This is my latest article on Christian Today – I think Brand is spot on in much of what he says on this subject…Be good to hear your views…
Why Russell Brand is right about sex
I was a little surprised to see Russell Brand on Prospect Magazine’s shortlist of 2015’s top 50 intellectuals. But only a little. Brand may be a cultural icon, but he is also an original thinker, if at times frustrating and annoying. Sometimes he is almost prophetic in his understanding and analysis of contemporary culture. None more so that in his analysis of sex and society in this edition of ‘The Trews’. You can view it here (warning, contains some explicit language).
For those who haven’t the time or the inclination to watch the whole thing let me summarise where Brand has got it spot on.
1) The trivialisation of sex – He points out that although our society is obsessed with sex yet somehow we have managed to trivialise it.
2) The commercialisation and commodification of sex – Sex sells. Not just in terms of pornography and prostitution but also in the use of sex for advertising purposes. Last week I listened to a mother on the BBC explaining her job as a ‘sex worker’ and how it affected her relationship with her daughter. Incidentally, surely the use of the term ‘sex worker’ is an oxymoron. It’s not work. It’s selling your body for the sexual gratification of (usually) men outwith the context of any loving relationship. It’s prostitution. The various justifications made, “it’s just a job, no-one has the right to judge me, my job is not immoral, it’s keeping lonely men company,” only serve to show how right Brand is with his analysis. I wonder if the BBC would have been quite so understanding and ‘non-judgemental’ if they had done a programme entitled ‘my mother is a UKIP candidate’!
3) The perversion of sex – largely through the many shades of pornography. Brand’s quotes here would be laughed out of court if made in public by an evangelical Christian. Look at some of the things he says, “Our attitudes towards sex have become perverted and deviated from its true purpose as an expression of love and a means for procreation” – Amen. There are “icebergs of filth floating through every house on wifi” – Amen again. “If you are constantly bombarded with great waves of filth it’s very hard to remain connected to truth” – Amen and thrice Amen!
And there is much more. Soft-core porn is everywhere. The problem with pornography is not that it shows too much, it shows too little. The effects of porn are not to enhance sex but to demean and weaken it. A cheap view of sex leads to a lack of trust and the belief that promiscuity is the natural state. It is corrupting for young people. It leads to voyeurism and the objectification of women (and men) where we end up looking upon people as objects, not people. As a result, pornography leads to a fear of intimacy and creates loneliness.
Brand is spot on. The trouble is that our society has become incredibly confused about sex and its purposes and as a result we have become confused about many other things – gender, identity, sexuality, community, society, family and love.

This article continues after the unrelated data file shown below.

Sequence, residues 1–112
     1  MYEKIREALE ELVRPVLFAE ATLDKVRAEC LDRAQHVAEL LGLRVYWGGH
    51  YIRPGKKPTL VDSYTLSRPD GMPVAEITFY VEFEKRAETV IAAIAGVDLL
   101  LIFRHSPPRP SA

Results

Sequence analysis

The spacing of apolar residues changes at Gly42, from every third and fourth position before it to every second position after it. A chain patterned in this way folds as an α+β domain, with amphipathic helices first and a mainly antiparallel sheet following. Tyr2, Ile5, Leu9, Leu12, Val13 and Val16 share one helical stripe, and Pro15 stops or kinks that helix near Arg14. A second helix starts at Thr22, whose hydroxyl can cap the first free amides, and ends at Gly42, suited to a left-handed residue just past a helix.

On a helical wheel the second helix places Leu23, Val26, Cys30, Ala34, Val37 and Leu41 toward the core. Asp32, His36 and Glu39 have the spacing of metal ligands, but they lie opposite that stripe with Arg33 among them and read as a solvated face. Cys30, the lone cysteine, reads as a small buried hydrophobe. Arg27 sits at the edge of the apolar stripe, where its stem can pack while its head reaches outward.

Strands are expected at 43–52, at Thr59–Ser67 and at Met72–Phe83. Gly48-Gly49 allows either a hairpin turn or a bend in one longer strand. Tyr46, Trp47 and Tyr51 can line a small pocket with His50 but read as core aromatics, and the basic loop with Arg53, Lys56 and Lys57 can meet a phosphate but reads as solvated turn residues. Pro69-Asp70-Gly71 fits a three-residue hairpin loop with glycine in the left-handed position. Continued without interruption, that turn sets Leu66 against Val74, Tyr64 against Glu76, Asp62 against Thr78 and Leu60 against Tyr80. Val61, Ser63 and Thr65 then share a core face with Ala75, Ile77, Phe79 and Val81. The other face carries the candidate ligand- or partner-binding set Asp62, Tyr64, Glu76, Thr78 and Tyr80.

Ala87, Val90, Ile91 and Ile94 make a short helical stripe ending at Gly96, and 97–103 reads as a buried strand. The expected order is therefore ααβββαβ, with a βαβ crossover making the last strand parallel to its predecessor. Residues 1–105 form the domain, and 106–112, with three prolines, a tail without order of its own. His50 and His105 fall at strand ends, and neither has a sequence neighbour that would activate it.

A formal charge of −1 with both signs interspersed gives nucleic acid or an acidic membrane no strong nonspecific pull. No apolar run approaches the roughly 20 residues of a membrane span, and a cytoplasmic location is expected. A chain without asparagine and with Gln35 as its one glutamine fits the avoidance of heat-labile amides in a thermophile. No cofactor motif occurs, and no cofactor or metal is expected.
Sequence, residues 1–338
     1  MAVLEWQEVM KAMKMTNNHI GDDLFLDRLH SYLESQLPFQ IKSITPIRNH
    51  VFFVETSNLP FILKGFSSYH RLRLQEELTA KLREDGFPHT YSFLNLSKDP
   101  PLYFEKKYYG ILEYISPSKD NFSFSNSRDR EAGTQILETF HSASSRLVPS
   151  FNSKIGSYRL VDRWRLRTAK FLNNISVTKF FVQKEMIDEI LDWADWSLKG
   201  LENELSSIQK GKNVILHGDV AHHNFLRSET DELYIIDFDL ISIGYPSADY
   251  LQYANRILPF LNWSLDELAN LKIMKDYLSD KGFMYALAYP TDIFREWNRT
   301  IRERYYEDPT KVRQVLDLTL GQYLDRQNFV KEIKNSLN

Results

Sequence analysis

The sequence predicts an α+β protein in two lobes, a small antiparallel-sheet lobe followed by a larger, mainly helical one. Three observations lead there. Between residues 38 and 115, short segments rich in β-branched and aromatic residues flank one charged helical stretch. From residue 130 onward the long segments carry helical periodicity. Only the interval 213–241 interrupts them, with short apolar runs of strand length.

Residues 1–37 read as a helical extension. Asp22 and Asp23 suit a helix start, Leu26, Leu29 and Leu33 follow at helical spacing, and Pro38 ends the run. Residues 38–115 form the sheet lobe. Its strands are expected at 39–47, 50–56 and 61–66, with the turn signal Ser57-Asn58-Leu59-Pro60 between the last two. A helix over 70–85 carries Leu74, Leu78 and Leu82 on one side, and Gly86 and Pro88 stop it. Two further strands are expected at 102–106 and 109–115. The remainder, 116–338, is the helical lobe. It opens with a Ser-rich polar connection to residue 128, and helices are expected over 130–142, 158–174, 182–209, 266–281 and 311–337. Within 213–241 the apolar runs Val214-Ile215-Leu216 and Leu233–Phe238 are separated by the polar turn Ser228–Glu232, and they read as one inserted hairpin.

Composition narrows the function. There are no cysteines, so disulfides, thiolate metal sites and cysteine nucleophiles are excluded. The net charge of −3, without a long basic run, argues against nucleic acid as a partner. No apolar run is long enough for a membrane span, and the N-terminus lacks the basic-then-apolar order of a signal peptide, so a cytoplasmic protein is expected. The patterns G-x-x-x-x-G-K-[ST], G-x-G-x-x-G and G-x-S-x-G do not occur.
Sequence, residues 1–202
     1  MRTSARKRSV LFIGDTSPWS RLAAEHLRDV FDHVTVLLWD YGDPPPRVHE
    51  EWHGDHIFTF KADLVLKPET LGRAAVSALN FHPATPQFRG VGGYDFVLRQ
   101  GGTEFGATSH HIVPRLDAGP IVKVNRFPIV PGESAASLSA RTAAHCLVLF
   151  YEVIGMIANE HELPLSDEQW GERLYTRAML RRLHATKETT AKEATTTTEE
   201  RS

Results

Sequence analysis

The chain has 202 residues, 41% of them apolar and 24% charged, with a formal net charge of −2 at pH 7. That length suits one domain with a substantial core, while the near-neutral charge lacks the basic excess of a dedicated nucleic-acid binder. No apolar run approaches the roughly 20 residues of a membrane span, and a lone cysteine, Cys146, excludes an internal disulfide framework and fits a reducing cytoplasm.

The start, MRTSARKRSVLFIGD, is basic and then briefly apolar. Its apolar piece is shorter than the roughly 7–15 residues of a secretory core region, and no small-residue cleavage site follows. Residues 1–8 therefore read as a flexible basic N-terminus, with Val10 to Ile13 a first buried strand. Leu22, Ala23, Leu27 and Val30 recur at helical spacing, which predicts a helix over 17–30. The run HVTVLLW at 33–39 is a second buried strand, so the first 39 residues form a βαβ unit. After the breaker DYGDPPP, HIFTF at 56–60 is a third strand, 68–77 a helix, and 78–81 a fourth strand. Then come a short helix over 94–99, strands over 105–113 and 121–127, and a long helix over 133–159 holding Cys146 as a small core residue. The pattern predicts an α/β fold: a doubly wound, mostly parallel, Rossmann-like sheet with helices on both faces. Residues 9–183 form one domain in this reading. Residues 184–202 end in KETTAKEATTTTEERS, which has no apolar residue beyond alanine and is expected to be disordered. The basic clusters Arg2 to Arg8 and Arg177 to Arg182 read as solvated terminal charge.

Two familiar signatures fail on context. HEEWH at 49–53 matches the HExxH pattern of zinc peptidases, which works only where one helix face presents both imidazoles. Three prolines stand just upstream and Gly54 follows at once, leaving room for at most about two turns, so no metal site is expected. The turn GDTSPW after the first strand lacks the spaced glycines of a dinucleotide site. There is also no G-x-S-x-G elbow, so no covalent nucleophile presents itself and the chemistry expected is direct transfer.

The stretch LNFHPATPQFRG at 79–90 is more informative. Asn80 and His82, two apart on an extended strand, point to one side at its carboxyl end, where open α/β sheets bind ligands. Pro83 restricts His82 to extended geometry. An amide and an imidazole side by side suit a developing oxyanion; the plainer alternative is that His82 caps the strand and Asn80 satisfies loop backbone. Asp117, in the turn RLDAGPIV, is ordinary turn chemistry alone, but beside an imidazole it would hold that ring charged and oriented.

In essence there are two views of sex that make logical sense. The one regards sex as appetite, the other as sacred. Since the 1960s our culture has largely bought into the lie that sex is just another appetite, to be indulged in the same way as our appetite for food. “I feel like a quickie” can be equally applied to fast sex as it can to fast food. Nowadays the concept of ‘making love’ would be seen as quaint and antiquated. Sexual promiscuity is deemed to be the norm – after all is it not the way that most people are wired? Sexual fidelity is no longer considered a required quality in our political, cultural or even religious leaders.
We have sown the wind, and now we are reaping the whirlwind. In 1975 James Clavell published his epic ‘Shogun’. It is a well-written, fascinating and brilliant book – yet even then reading it as a teenager I realised that the sexual relativism of the 1960s was somehow being normalised. It was assumed that sleeping with boys, girls or animals was just another expression of sexual appetite and should be catered for. In the early 1970s it looked as though British and American society was headed down that route. It was the ‘innocent’ era of Jimmy Savile, Gary Glitter and numerous other ‘stars’ who used their fame, wealth and power to indulge their sexual appetites. We are reaping the fruits of what the sexual libertines sowed in the 60s. Thankfully paedophilia is now considered one of the great sins of our society – although with the disintegration of Christianity, the rise of Internet porn and the general confusion and sex and sexuality, I would not be surprised to see that also change. Meanwhile we are faced with the consequences of our society acting upon the recreational view of sex – sexually transmitted diseases, dysfunctional families, confused young people, ‘all the lonely people’ and we have even seen the return of slavery – through the ‘trafficking ‘ of ‘sex workers’.
Brand asks the key question: “How can we understand our sexuality, how can we express it lovingly, in harmony with the principles that it’s there to demonstrate: procreation and sensual love between consenting adults?”
That is a question which can only be answered by those who regard sex as sacred. In part two of this article we will look at how the church has coped with this change in sexual attitudes. Have we grasped what is going on? How have we reacted to it? But I leave you with one final counter cultural thought from Russell Brand: “I feel that if I had total dominion over myself, I would never look at pornography again”. Self-control. Not a word you often hear in Sex Education classes, nor one you read in all the ‘how to’ manuals or soft porn that masquerades as drama, music and entertainment. It doesn’t really fit with ‘just do it’, but it does fit with the fruits of the Holy Spirit!